A quarter of boys say they dislike going to school by the age of seven

15th October 2010 at 01:00
Research reveals they are more than twice as likely as girls to be unhappy

A quarter of seven-year-old boys say they already dislike school, research has found.

Boys of this age are more than twice as likely to say that they do not like school as girls of the same age, according to a study by academics from the Institute of Education, London.

Twenty-four per cent of boys claimed not to enjoy primary school, compared with 10 per cent of girls. And boys were far more likely than girls to say that they were always unhappy at school.

More than 14,000 children were interviewed as part of an on-going study that tracks the development of UK children born between 2000 and 2002.

The researchers found that most children worked hard: the average seven-year-old spends 86 minutes a week doing homework. The Government recommends that children of this age should be given an hour of homework each week.

However, many boys were uninterested in the skills that homework was intended to develop. Fewer than half said that they enjoyed reading, compared with two-thirds of their female classmates.

Girls were more likely to try their best at school, regularly answering teachers' questions. Girls also behaved better than boys during lessons: four in five seven-year-old girls said that they worked hard, compared with three out of five boys.

Boys, meanwhile, were far more likely to say that they talked during lessons. And they were more often tired at school than girls of the same age. The researchers said: "This is important, as tired children are unlikely to be able to concentrate, and are, therefore, less likely to learn."

Shane Ryan, of the boys' education organisation Working With Men, said: "There's an inherent difference between boys and girls. Boys are fairly active, and we ask them to keep still in a classroom for long periods of time. They also need to be geared up for transition between nursery and primary school more than girls, so their expectation levels are correct when they get there."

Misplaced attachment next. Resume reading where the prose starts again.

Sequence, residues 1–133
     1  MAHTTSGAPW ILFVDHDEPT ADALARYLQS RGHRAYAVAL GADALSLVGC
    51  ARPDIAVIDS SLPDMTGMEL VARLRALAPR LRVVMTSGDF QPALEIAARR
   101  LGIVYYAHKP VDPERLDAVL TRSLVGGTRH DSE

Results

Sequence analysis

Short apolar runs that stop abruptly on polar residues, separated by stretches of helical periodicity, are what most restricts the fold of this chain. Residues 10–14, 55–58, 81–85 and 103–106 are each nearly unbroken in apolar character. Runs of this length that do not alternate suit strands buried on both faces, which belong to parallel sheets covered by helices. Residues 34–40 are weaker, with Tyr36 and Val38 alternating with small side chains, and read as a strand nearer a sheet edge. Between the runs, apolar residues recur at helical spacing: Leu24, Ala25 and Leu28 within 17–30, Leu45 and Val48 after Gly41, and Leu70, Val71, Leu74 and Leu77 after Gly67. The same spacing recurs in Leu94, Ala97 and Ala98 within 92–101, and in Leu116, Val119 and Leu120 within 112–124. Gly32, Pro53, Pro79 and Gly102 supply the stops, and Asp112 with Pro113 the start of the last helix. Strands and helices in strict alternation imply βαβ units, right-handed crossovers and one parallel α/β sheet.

However, researchers found that the mothers of the current generation of seven-year-olds have particularly high educational ambitions for their apathetic male offspring.

Ninety-seven per cent of mothers questioned said they wanted their children to go on to university, even though many had no higher education themselves. As a result, attendance at parents' evenings was almost universal.

Subscribe to get access to the content on this page.

If you are already a Tes/ Tes Scotland subscriber please log in with your username or email address to get full access to our back issues, CPD library and membership plus page.

Not a subscriber? Find out more about our subscription offers.
Subscribe now
Existing subscriber?
Enter subscription number

Comments

The guide by your side – ensuring you are always up to date with the latest in education.

Get Tes magazine online and delivered to your door. Stay up to date with the latest research, teacher innovation and insight, plus classroom tips and techniques with a Tes magazine subscription.
With a Tes magazine subscription you get exclusive access to our CPD library. Including our New Teachers’ special for NQTS, Ed Tech, How to Get a Job, Trip Planner, Ed Biz Special and all Tes back issues.

Subscribe now